As the Sarajevo Film Festival (August 12-20) grows in stature, so does its importance as a launch pad for international films into the region. Mike Goodridge reports

SCR Felicia

The Sarajevo Film Festival (SFF) has achieved an extraordinary profile since its establishment in 1995, during the siege of the city. The largest event in the Balkans, SFF has evolved into a significant industry destination as well as arguably the leading showcase for films from south-east Europe.

Headed by Mirsad ‘Miro’ Purivatra, the festival regularly draws some of the biggest names in the international arena. Last year saw Mike Leigh, Todd Haynes, Kevin Spacey, Jia Khang-ke, Charlie Kaufman, Nuri Bilge Ceylan and many others in the city.

This year’s 15th annual festival opens with Romania’s Cannes crowd-pleaser Tales From The Golden Age, which will have an out-of-competition screening in front of a 3,000-strong crowd.

“The quality of the films has risen incredibly from just five years ago.”

Elma Tataragic, SFF

The festival has many facets. Elma Tataragic, who programmes the seven-year-old competition strand, says this year’s selection is the most mature and diverse work to date from the region, with only two of the nine films focusing on the war. Two titles make their world premiere — First Of All Felicia, another Romanian title marking the directorial debut of The Death Of Mr Lazarescu writer Razvan Radulescu together with Melissa De Raaf.

And Damjan Kozole (Spare Parts) returns to SFF with Slovenian Girl, a co-production between Slovenia and Bosnia and Herzegovina.

Cannes titles Dogtooth (Greece), Eastern Plays (Bulgaria-Sweden-Turkey) and Ordinary People (Serbia-France-Switzerland) will also play in competition and Tataragic says the evolution of inter-regional co-production meets its apex in Antonio Nuic’s Donkey, a three-way venture between Croatia, Bosnia and Herzegovina, and Serbia.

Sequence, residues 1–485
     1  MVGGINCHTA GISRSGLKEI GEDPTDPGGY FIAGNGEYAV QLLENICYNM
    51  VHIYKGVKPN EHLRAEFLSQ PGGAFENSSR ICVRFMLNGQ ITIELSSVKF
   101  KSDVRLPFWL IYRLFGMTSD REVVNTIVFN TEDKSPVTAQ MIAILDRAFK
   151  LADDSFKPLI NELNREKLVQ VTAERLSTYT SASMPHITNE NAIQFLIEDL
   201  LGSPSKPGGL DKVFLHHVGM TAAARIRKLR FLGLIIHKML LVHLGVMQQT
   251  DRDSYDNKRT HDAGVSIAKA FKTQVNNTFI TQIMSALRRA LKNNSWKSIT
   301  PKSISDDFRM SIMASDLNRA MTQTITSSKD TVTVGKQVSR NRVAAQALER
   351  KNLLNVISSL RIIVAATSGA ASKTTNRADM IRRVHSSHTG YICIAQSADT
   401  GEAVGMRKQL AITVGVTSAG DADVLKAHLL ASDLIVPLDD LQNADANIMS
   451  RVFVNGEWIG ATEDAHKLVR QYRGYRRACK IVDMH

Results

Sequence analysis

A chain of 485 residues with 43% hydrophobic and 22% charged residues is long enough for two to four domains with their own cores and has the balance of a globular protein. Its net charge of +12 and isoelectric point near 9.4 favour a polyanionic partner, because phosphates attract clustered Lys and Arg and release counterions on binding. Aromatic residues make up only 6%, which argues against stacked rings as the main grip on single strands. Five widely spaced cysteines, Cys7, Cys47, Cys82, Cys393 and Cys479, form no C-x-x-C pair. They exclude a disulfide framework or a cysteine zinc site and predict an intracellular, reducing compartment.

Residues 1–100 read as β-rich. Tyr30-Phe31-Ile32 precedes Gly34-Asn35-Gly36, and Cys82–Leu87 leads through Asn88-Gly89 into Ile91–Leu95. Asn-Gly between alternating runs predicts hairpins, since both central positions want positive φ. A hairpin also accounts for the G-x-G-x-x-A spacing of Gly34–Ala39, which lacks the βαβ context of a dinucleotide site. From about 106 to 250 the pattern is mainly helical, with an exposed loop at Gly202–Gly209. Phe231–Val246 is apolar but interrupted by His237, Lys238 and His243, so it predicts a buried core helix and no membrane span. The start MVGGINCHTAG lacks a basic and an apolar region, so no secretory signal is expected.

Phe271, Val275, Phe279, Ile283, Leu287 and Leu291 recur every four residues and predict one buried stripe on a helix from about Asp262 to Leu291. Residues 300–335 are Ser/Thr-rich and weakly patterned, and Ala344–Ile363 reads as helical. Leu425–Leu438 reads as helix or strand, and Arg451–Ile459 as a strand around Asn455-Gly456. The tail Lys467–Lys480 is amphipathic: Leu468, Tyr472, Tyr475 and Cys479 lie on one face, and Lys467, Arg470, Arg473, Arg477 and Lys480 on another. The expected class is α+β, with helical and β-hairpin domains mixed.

“The quality of the films has risen incredibly from just five years ago,” she says. “This is something we’re encouraging through programmes like CineLink, the Regional Forum and Talent Campus.” The CineLink project development and co-production market continues to prosper — indeed First Of All Felicia was in CineLink two years ago — and this year introduces an in-kind post-production award worth $114,000 (€80,000) for one of this year’s 12 projects to be presented at the festival’s closing ceremony.

This year, for the first time, the festival is hosting a forum on the state of the film industry in south-east Europe to further encourage progress. Screen International is working with the festival on the programme which will include three sessions over three consecutive days.

Meanwhile the SFF’s prestigious sidebars continue to attract big-name talent to the city. In addition to the documentary competition (programmed by Rada Sesic) and a focus of other regional films, the festival includes high-profile Panorama, Heineken Open Air and New Currents sections.

Programmed by veteran New York-based critic Howard Feinstein, the Panorama section this year welcomes back Chinese auteur Jia Khang-ke for the most complete retrospective of his work to date. Actress Zhao Tao will also be in attendance.

And Feinstein has organised a pioneering discussion on gay cinema entitled ‘Gays in Long Shot and Close-Up: Adding Insult to Injury’, which takes place less than a year after violence erupted against participants of the first Q Fest in Sarajevo last September.